Thursday, March 16, 2017

“Patti Cake$”– Movie Review



This week, I attended the opening night of The New Directors/New Films series by The Film Society of Lincoln Center and The Museum Of Modern Art, screening the drama, “Patti Cake$”, with Bridget Everett and Cathy Moriarty. 


When an unlikely young woman tries to break into the music business as a rapper, can she overcome overwhelming personal and professional obstacles to realize her dream?


At the age of 24, Patti Dombrowski (Danielle Macdonald) – AKA, Patti Cake$, AKA Killa P, AKA Dumbo – is desperately trying to claw her way out of her depressing New Jersey surroundings.  She has to single-handedly take care of her grandmother (Cathy Moriarty) while her mother Barb (Bridget Everett) drinks away what little money her daughter makes as a bartender.  Although Patti yearns to increase her earnings because the family has fallen behind in its bills, the bar owner is unwilling to give her a raise and unable to give her an expanded work schedule. 

Despite all of this, Patti has her own dreams:  to perform her own poems as a rap singer.  In order to do this, however, she’s got quite a few sizable mountains to climb.  For one thing, she’s a woman.  Also, she’s white.  Due to her weight problem, the fact that she’s not traditionally physically attractive might hold her back as well.  Since this is her passion – and believes to be her destiny, since Barb had her own brief singing career – nothing will stop Patti.  Fortunately, she’s got a support system in her friend Hareesh (Siddharth Dhananjay), who works at a local pharmacy by day but harbors similar fantasies of a rapping career by night. 

Attending an open-mic night at a neighborhood club, Hareesh and Patti are mesmerized by Basterd (Mamoudou Athie), one of the musicians who has something of a harsh performance art style to his game.  Eventually, they are able to convince him to join their new group, PBNJ, and they record a CD of original tunes.  After facing constant rejection when trying to get influential people to give their disc a listen, Patti becomes discouraged and puts her artistic aspirations aside.  But once she learns that PBNJ has been invited to perform in a talent competition, can she get the group back together again for one last shot at stardom?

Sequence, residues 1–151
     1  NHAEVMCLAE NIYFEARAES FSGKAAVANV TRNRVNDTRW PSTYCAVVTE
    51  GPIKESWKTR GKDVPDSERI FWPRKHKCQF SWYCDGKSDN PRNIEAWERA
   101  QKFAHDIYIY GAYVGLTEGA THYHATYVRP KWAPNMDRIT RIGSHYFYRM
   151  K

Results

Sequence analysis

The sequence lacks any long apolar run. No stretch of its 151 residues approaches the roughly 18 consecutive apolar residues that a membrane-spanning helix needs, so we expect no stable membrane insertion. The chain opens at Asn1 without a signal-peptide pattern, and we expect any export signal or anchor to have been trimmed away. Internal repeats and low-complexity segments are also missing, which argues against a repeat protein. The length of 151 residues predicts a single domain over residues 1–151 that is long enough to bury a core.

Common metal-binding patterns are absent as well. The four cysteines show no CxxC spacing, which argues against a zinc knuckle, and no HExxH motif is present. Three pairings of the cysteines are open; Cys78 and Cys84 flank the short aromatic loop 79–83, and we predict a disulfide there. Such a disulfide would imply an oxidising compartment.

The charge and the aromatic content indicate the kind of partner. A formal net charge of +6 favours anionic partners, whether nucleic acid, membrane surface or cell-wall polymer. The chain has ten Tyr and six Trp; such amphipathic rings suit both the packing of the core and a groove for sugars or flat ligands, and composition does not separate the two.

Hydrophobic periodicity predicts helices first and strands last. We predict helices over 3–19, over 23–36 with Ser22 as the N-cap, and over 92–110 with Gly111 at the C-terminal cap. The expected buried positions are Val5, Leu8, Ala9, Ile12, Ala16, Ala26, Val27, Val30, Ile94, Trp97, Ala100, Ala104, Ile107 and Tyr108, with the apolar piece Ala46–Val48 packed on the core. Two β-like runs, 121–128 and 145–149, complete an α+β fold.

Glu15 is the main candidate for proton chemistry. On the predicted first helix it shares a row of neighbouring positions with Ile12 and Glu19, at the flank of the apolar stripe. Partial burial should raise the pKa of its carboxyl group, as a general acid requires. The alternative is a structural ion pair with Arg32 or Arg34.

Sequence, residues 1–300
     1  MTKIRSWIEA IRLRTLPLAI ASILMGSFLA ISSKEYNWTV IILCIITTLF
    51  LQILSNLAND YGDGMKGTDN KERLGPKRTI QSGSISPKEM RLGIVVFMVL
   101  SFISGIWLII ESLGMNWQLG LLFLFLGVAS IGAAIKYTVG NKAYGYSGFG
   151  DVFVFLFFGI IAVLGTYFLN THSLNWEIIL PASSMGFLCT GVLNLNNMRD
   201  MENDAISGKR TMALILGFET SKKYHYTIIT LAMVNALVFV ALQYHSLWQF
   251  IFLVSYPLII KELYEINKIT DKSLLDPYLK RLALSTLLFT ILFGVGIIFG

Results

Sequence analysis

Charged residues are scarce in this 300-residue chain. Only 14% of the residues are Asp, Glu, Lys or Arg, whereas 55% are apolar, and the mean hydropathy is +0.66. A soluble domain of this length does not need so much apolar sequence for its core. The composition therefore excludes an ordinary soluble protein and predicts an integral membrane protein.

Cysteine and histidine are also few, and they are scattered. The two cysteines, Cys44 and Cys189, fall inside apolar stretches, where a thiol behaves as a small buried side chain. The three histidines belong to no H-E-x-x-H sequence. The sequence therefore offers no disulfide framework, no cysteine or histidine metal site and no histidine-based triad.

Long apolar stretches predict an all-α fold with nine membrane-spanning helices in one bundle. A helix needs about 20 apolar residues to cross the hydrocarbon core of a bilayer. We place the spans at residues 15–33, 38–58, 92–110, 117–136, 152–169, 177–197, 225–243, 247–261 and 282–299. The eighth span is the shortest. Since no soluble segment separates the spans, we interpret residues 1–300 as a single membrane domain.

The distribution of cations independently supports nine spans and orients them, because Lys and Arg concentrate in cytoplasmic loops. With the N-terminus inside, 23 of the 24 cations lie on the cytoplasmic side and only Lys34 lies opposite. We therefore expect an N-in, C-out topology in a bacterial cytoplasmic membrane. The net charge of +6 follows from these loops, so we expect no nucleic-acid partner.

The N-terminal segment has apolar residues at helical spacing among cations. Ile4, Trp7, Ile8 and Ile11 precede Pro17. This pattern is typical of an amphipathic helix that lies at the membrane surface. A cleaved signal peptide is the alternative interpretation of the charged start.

Clearly, the strongest parts of “Patti Cake$” are the performances by Bridget Everett taking on a more dramatic role, a virtually unrecognizable (except for the voice) Cathy Moriarty as the grandmother and especially its star Danielle Macdonald, who has been getting increasing notoriety as this movie wends its way through the festival circuit.  Where it loses some steam is in the story; while the idea is unique, its execution does not always follow suit and this results in some trite, predictable moments.  Again, since this is by a filmmaker who is relatively new to telling a story in a long form such as a feature film, one cannot consider writer/director Geremy Jasper to have refined his techniques. 

The character of Patti is one for whom an audience can easily empathize.  She has been beaten up badly by life, both at home and at work; nothing seems to be going right for her and instead of helping, people just pile on.  In many respects, she’s facing an uphill battle trying to carve out a niche for herself in a rather competitive business.  On the other hand, while viewers may be rooting for her, Patti’s pursuits beg certain questions, such as whether or not she’s even being realistic or if she even has the talent she thinks she does.  Ultimately, even if it may be something of a challenge to root for her professionally, there still remains plenty to get behind Patti when it comes to repairing what’s left of her family.

Regarding Geremy Jasper as a director, he does have a notable visual style in the sense that many of his shots tend to set a mood (Patti’s dream sequences in particular).  Jasper’s background includes having done music videos (after attempting a music career of his own), so that would certainly account for some of his more stylistic choices.  He probably could’ve used some help with the screenplay, either in the form of a collaborator or an additional draft.  It is a decent enough start for Jasper.  Whether or not this will be the springboard to a promising career, only time will tell.

Patti Cake$ (2017) on IMDb  

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